Behind-the-wheel training is always going to provide the most advantages when it comes to transforming driver behavior, reducing crashes, and saving lives. However, there are times when eLearning, through online courses and video training, makes more sense.
Let’s look at five ways employers and safety managers can use eLearning programs to improve driver safety.
No. 1: Refresh previous behind-the-wheel training
After a driver has taken behind-the-wheel driver training, they have a better understanding of how to use principles like The Smith5Keys® to improve their driving behavior and create a safer environment on the road. However, over time, it’s easy to fall back into bad habits.
Oftentimes, this happens without drivers realizing it; they aren’t intentionally ignoring safety principles, but it’s easy to let old ways of thinking — and driving — slip back in.
eLearning as a form of refresher training is a great way to reinforce what drivers have already learned and remind them of the things they need to be doing behind the wheel.
It’s an effective way to complement previous training while also allowing them to receive the training on their own time and in a place and way that is most convenient to them.
No. 2: Train employees who only drive occasionally
If you have employees who spend most of their time at a desk or in a warehouse, they probably don’t need the kind of in-depth training you want for your full-time drivers.
Still, any time they’re behind the wheel of a company vehicle, you have some culpability. Even if they’re dropping off contracts or traveling to a conference, when they’re in a company vehicle, you’re responsible.
eLearning is an excellent way to make sure those employees have received proper training and understand how to respond in specific traffic situations, which improves their overall safety behind the wheel.
You can choose courses that would be specific to their driving environments as well as select courses that make sense for everyone, such as driving in reverse, driving drowsy and managing technology in the vehicle.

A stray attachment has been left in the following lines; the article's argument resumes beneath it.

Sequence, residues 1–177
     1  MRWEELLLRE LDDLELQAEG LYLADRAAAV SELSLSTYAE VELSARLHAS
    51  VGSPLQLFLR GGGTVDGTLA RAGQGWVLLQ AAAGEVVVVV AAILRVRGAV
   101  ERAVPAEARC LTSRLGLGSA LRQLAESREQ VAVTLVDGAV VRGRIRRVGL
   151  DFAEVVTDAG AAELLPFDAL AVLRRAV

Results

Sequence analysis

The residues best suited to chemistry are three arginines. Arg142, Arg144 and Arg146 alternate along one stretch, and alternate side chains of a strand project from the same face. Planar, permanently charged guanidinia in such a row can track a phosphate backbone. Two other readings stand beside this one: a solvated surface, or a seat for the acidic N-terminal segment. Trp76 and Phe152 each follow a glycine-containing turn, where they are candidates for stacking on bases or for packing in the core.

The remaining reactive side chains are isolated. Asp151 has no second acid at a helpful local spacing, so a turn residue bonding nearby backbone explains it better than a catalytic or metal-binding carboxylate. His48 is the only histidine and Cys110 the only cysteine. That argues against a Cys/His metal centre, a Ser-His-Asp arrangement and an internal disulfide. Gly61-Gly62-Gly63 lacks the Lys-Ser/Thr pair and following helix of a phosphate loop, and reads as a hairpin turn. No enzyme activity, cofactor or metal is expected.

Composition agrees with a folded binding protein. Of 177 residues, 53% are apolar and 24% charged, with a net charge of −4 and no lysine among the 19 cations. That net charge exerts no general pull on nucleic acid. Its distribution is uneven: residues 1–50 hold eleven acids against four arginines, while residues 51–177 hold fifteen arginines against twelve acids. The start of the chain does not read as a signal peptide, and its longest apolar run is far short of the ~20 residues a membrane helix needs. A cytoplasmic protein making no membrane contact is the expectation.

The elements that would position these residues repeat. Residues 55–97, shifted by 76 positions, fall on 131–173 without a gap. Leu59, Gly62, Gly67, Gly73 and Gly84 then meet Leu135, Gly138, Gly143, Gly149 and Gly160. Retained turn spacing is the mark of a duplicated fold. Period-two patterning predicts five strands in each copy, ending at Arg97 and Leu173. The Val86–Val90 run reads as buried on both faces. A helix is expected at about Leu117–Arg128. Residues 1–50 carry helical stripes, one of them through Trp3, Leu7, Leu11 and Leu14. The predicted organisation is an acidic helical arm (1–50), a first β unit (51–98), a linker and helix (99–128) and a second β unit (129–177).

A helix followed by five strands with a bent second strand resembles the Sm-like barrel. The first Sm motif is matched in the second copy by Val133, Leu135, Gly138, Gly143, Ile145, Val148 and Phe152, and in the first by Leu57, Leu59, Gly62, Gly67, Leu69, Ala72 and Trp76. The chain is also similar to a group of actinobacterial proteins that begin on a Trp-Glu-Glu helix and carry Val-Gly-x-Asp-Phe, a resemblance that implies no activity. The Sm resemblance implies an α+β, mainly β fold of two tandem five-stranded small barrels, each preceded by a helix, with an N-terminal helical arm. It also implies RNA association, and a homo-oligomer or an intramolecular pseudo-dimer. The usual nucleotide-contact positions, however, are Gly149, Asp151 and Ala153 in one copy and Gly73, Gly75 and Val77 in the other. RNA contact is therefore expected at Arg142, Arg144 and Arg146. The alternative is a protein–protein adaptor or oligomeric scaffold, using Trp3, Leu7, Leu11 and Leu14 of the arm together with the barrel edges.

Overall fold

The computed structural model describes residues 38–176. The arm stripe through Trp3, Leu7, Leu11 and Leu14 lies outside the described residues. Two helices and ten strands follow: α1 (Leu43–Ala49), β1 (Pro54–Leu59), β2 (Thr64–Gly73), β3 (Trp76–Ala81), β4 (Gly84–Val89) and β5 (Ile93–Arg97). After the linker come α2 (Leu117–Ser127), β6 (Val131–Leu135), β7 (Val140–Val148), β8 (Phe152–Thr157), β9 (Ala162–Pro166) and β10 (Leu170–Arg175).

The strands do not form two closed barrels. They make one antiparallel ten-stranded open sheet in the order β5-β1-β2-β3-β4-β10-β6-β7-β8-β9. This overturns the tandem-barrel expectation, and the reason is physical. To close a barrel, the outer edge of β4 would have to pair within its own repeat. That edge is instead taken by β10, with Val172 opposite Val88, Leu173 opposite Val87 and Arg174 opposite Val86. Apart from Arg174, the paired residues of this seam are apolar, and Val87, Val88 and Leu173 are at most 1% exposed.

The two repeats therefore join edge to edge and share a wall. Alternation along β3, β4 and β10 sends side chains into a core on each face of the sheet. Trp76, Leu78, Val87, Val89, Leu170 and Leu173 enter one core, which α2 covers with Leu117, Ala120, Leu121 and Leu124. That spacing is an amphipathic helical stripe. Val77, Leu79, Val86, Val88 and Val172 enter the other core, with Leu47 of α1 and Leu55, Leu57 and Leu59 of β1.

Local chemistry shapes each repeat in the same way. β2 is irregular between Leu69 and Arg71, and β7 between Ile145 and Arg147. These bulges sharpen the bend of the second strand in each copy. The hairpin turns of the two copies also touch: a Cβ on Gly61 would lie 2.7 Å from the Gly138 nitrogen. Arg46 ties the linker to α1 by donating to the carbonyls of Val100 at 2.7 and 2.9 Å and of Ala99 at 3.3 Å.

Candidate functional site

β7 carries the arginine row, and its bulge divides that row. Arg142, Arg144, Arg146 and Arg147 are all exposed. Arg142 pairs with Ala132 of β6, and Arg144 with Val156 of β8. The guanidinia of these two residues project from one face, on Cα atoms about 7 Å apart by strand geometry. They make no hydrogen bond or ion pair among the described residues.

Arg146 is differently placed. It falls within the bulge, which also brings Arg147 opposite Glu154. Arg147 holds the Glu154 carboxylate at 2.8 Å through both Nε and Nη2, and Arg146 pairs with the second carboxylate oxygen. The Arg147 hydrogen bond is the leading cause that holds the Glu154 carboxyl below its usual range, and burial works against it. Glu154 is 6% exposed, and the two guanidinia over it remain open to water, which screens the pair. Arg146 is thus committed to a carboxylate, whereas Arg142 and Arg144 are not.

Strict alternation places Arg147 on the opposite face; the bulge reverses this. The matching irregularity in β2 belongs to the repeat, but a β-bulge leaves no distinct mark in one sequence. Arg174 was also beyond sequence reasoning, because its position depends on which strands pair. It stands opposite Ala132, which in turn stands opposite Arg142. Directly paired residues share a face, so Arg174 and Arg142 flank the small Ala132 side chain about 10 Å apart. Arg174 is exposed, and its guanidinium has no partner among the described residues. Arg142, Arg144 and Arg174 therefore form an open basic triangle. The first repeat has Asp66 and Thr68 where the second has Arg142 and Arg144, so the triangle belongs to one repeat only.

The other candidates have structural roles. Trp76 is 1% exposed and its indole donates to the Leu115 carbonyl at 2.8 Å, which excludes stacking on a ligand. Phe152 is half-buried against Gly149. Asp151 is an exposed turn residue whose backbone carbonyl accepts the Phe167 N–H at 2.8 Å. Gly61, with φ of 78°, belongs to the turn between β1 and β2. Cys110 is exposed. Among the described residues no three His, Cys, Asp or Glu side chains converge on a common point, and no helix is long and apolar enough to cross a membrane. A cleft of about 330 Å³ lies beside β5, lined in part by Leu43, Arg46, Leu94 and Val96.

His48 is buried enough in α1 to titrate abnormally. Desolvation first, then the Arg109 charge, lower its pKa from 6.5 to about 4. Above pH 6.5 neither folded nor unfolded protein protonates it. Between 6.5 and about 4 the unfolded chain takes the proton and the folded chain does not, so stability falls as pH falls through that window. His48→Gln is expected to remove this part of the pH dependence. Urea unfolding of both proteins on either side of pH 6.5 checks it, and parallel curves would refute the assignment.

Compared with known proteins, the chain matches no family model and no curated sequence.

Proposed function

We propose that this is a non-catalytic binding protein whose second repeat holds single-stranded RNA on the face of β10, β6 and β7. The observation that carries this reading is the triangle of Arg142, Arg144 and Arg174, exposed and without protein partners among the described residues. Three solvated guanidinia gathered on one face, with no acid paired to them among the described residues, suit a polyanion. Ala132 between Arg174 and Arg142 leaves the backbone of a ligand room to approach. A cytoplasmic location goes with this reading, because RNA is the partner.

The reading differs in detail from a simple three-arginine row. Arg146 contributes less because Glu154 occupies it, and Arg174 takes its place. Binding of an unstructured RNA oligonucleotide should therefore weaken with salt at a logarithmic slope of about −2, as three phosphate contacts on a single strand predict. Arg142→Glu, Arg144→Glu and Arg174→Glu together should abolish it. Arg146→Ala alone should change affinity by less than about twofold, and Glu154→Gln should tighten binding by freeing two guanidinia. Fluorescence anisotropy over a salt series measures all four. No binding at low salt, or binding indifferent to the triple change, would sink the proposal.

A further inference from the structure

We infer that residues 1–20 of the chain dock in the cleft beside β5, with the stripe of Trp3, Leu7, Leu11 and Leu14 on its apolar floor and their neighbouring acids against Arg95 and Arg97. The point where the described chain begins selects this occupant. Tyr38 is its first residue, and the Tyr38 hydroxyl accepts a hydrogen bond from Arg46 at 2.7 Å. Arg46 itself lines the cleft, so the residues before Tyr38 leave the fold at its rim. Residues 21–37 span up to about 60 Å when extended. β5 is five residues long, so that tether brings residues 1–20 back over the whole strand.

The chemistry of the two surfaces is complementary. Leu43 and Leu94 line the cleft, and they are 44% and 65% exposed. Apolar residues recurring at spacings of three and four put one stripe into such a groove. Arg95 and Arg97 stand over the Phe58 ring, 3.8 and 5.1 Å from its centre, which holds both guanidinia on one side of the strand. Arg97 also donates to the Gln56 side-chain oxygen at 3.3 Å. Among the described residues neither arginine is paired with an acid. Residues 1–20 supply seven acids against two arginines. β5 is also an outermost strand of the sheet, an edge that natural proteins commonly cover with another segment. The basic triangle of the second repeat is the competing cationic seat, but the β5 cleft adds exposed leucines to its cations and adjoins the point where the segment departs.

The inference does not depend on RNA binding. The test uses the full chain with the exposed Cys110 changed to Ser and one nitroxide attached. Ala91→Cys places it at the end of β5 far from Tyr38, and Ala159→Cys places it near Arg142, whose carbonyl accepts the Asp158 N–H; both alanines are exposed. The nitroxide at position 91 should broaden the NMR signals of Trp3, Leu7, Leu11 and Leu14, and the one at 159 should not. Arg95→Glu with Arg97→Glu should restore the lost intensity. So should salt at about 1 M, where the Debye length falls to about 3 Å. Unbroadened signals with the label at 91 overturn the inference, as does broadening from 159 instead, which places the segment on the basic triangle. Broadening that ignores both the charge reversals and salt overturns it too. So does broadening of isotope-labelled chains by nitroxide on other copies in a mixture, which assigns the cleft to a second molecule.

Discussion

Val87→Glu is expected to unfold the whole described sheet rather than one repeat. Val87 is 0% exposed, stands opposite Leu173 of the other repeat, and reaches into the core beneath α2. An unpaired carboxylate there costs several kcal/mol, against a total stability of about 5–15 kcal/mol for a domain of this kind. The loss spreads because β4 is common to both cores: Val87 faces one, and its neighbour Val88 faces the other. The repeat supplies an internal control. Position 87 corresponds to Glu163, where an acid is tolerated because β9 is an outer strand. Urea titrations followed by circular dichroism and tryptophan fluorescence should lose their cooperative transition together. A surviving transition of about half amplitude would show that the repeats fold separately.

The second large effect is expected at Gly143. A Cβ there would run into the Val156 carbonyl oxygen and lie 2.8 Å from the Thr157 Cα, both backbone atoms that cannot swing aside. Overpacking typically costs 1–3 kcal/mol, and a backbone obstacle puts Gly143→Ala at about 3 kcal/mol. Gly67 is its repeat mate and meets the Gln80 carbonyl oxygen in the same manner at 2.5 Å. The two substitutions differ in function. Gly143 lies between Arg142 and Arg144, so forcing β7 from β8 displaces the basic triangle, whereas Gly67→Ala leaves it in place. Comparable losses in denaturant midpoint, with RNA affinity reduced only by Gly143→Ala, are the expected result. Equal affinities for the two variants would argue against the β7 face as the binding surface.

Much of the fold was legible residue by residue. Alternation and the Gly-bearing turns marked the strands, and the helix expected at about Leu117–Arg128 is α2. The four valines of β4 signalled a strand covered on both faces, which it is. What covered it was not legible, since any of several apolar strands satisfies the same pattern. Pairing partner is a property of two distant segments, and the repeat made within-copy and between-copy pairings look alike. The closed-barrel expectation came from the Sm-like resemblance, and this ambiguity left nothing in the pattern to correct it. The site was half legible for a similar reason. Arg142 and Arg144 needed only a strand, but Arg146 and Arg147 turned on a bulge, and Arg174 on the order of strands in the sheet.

No. 3: Reach employees who work shifts that prevent them from taking traditional courses in person
When a driver is ready for refresher training, or has skills that need polished, you don’t want to put it off until a time when it’s convenient for the driver. You want to address as quickly as possible.
However, with the busy schedules that your employees face, providing behind-the-wheel training doesn’t always fit in as conveniently as you’d like.
That’s where eLearning can provide a solution that works well for everyone. The ability for drivers to brush up on their driver safety skills after work, on the weekends or any other time that would be convenient for them, makes it easier to improve overall safety in an efficient manner.
No. 4: Focus on specific driving behaviors
Sometimes, it comes to your attention that an employee is making poor driving choices. You might learn about the poor driving behavior through telematics, or it could, unfortunately, come to your attention through someone reporting bad driving behavior to your company.
In any case, eLearning provides an opportunity to focus on specific areas that need attention.
Let’s say that your telematics show you that a driver is braking hard and accelerating quickly. Not only is this dangerous to other vehicles on the road, but it costs you more in fuel and wear-and-tear on your vehicle.
Being able to address those behaviors with one or more relevant eLearning courses can refocus the driver’s attention and help him or her become more aware of what they should be doing differently behind the wheel.
No. 5: Identify bad driving habits
Pointing out what other drivers are doing wrong is easy. Seeing where we can personally improve is another story.
An eLearning course is a valuable way to point out certain behaviors and provide corrective action for them. For example, distracted driving is a significant problem on the road, from the distractions outside our vehicles — such as increased traffic, pedestrians and scooters and cyclists — to growing distractions inside, like cell phones and infotainment systems.
But even if they’re aware of how dangerous distracted driving is, most drivers have a bad habit or two that they may not realize is putting them in danger, which could be as simple as changing radio stations frequently or drinking and eating while driving.
With the help of an eLearning program, drivers can see the danger of certain behaviors and learn the proper way to manage driving situations and avoid distractions.
Is eLearning Right for You?
These are just some of the ways that an eLearning program can be used to help improve driving behavior. And, when companies want to provide additional driver training on a tighter budget, eLearning can be a way to “fill in the gaps” between in-person behind-the-wheel training.
Our online training courses are an excellent reinforcement of The Smith5Keys® to safe driving. Learn more about Smith eLearning℠ for a cost-effective way to reinforce your driver's safety training with the added benefit of a flexible class schedule built around your schedule.